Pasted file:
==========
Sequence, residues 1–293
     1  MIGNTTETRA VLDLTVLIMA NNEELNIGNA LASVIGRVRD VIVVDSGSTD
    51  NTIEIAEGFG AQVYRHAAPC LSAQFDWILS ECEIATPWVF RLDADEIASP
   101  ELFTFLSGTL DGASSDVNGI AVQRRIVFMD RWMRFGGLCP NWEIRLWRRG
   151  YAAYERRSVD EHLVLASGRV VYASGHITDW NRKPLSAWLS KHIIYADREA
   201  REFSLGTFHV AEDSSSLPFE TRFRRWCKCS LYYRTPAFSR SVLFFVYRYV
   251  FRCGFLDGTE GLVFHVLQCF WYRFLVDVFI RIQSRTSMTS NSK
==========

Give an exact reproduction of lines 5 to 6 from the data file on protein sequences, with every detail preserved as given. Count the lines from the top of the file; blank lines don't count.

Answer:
   151  YAAYERRSVD EHLVLASGRV VYASGHITDW NRKPLSAWLS KHIIYADREA
   201  REFSLGTFHV AEDSSSLPFE TRFRRWCKCS LYYRTPAFSR SVLFFVYRYV